Tomorrow is the Last Day of the Great Backyard Bird Count

Yesterday and today Judy and I sat for an hour on the back porch, watching birds. This was not an example of us wasting time. No, it was an example of us carrying out our responsibilities as Citizen Scientists.

American Goldfinch at the nyjer seed feeder: is the coast clear?
American Goldfinch at the nyjer seed feeder: is the coast clear?

Specifically, we were taking part in the Great Backyard Bird Count (GBBC). Launched in 1998 and led by the Cornell Lab of Ornithology and the National Audubon Society, the GBBC enlists amateur birdwatchers to measure bird population trends.

Male Downy Woodpecker with a beak full of suet.
Male Downy Woodpecker with a beak full of suet.

One thing I really like about the GBBC is that you can do it from the comfort of a chair by the window. That’s the kind of birdwatching I can really appreciate. Particularly since yesterday got down to 5 degrees F (-15 C). Today it was snowing and a bit warmer, but I still preferred to count my birds from inside.

Male Northern Cardinal.
Male Northern Cardinal.

Hardier birders head out to parks, beaches, nature preserves, and other likely outdoor locations.

Dark-Eyed Junco.
Dark-Eyed Junco.

Over both days Judy and I saw nine bird species, including Juncos, Goldfinches, Cardinals, Chickadees, House Sparrows, Tree Sparrows (I think), Downy Woodpeckers, and Hairy Woodpeckers. The greatest excitement, however, came when a Red-Tailed Hawk twice swooped through the backyard. This caused all the other birds to scatter and not return for another fifteen minutes or so.

2015-02-15 15.21.41
He looks cold, doesn’t he?

I was a little disappointed that the Red-Bellied Woodpeckers and White-Breasted Nuthatches did not make appearances, because they have been fairly frequent visitors to our back garden this winter. I even thought of cheating and putting them on my checklist (because they might have shown up, after all).

Female Downy Woodpecker.
Female Downy Woodpecker.

But then I thought, would Jonas Salk or Albert Einstein have falsely recorded a Red-Bellied Woodpecker on their checklists? I don’t think so. And so I stayed true to my oath as a Citizen Scientist. Not that there is an actual oath, but you know what I mean.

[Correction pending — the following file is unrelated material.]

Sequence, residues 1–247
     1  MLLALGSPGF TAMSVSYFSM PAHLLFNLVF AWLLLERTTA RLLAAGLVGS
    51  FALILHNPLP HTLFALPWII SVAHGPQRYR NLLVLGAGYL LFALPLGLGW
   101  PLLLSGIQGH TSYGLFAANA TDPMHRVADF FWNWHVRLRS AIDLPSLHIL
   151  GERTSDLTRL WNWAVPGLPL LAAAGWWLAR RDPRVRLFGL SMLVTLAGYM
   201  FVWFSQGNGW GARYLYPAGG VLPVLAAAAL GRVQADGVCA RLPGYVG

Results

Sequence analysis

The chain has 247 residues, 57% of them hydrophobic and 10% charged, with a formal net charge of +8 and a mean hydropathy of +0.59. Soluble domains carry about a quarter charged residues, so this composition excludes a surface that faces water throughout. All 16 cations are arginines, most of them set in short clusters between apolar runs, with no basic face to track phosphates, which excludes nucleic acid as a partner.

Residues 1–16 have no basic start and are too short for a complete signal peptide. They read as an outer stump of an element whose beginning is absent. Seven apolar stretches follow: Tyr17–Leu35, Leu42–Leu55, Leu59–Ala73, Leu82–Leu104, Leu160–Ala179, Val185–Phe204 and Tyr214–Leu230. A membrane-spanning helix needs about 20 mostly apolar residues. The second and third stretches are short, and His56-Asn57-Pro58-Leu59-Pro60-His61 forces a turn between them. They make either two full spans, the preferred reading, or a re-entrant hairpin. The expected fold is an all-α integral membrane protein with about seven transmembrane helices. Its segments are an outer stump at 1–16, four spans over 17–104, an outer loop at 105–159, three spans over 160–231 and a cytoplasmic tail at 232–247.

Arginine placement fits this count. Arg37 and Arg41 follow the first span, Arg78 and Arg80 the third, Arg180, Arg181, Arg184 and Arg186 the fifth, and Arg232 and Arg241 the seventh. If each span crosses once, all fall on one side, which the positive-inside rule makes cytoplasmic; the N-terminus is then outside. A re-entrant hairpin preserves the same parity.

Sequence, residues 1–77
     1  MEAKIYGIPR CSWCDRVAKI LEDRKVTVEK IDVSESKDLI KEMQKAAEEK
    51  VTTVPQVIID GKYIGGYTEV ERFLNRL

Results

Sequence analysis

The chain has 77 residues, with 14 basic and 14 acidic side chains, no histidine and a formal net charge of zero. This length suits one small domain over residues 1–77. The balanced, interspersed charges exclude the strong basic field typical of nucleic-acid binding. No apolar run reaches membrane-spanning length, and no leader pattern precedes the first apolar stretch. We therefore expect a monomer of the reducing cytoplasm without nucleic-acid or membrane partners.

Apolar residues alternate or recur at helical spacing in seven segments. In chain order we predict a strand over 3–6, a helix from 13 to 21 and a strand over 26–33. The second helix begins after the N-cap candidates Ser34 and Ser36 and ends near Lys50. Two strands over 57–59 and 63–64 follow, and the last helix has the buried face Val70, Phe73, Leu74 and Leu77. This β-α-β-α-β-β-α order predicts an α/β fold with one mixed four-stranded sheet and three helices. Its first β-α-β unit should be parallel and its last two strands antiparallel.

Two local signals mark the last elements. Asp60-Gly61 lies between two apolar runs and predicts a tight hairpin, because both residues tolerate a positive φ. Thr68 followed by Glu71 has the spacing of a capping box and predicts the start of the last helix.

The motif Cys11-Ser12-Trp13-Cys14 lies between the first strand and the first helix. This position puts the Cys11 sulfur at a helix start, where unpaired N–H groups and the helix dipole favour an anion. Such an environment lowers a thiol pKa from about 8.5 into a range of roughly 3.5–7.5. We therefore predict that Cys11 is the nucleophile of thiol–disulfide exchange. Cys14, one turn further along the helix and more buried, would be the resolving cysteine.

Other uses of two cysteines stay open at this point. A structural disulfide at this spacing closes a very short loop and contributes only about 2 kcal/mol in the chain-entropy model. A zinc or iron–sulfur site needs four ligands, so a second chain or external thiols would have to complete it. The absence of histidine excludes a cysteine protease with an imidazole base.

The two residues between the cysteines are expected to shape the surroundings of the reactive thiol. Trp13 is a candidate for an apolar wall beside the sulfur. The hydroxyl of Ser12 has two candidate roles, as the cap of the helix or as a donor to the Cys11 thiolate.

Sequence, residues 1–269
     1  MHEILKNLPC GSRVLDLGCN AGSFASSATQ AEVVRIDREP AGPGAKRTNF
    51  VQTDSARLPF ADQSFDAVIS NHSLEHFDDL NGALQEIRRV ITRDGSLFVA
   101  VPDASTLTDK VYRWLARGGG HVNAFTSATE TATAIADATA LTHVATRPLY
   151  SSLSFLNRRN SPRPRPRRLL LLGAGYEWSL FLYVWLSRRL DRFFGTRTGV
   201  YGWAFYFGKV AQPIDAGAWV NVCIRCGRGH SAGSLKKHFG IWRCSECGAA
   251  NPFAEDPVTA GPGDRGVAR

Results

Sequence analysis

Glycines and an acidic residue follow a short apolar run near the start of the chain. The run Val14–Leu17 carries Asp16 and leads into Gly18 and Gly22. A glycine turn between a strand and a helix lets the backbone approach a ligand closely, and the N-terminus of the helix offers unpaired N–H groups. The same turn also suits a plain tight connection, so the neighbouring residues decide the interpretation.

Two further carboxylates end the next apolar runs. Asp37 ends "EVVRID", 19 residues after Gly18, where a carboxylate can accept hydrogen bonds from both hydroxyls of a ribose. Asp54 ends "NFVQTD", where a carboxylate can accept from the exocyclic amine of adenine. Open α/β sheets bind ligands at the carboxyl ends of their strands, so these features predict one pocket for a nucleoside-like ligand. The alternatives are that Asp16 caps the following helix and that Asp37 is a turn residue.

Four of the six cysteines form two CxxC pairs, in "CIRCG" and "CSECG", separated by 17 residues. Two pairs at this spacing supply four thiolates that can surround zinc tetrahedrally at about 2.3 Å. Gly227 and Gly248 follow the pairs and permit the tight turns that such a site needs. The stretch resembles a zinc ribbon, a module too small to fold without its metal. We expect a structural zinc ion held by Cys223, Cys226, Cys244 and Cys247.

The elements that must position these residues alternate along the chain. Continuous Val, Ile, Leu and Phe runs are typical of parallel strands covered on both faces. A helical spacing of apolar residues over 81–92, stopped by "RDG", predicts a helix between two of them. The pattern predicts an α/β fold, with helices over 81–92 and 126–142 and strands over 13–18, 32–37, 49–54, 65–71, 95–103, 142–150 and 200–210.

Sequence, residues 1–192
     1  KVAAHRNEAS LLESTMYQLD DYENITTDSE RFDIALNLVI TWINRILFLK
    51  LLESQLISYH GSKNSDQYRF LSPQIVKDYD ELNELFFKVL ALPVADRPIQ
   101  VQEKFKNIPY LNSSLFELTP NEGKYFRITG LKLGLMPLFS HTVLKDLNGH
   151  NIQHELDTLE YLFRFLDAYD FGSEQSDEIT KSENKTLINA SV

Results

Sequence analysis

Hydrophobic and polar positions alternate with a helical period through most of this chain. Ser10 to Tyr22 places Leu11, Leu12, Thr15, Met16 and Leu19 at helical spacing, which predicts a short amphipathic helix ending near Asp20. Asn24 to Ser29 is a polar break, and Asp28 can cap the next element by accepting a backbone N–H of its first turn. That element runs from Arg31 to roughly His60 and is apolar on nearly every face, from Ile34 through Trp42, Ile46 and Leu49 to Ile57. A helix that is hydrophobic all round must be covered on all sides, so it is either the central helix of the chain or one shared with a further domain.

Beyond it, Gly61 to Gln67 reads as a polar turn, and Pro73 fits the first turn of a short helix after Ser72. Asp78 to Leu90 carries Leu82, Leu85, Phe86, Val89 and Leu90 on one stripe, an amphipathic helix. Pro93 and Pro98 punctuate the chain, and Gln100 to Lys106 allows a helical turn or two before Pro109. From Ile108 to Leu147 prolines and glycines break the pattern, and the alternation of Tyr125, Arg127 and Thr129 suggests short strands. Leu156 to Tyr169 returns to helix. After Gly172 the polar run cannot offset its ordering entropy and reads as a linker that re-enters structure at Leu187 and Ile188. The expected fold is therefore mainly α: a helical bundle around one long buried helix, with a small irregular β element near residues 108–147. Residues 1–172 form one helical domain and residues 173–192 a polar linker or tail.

Another Dark-Eyed Junco.
Another Dark-Eyed Junco.

A nice thing about the GBBC is that you can enter your data online and see the data develop in real time. For example, as of this afternoon there were almost 43,000 checklists submitted from the USA, plus thousands more from 115 other countries. Closer to home, there were 223 checklists submitted from Cook County, Illinois, where I live.

2015-02-02 08.21.52 (2)

Monday, February 16, is the last day of the GBBC. I have the day off, and I’m thinking I’ll spend one more hour doing another checklist. Maybe the Red-Bellied Woodpecker will show up.

If you’d like to participate, check out the GBBC website here. You can spend as little as 15 minutes watching from the comfort of your own home, and there are guides to help with bird identification.

Have you taken part in the Great Backyard Bird Count, and if so what birds did you see?

39 Comments on “Tomorrow is the Last Day of the Great Backyard Bird Count

  1. I love a Citizen science project and ones you can participate in from the warmth of your home on a freezing day are especially good! I’ve just looked at your link Jason and its a global event with a few participants from the UK too. I’ve added your link to my bookmarks.

  2. I’ve done several 15 minute intervals at different times of the day. I have more Pine Siskins than anything else; they come in droves. The Nuthatches can be elusive little buggers! I agree, it is very nice to do this from the warmth of your home when the temperature is -7, as it is here this morning! The birds are all puffed out–the poor little chickadee looks about twice its normal size! Happy bird-watching, Jason!

  3. I do get a lot of birds at the feeders, but after the count last year, I no longer send it in. They have me in Niagara Falls, Canada and I tried and tried to have it changed. Once picked (their mistake, not mine), it seems you are that forever. Since I am listed wrong, I thought it better to not add my birds. Glad to see you have many birds. Poor things in this weather. We are -9 this morning. I am sure it was much colder last night. Considering how real birders count birds, adding an un-arriving bird species to your list would barely make a dent in how inaccurate is the actual count. Knowing they only estimate (mostly with huge flocks) made me reconsider the results. Also, the same bird keeps coming back in the time period. so they get recounted.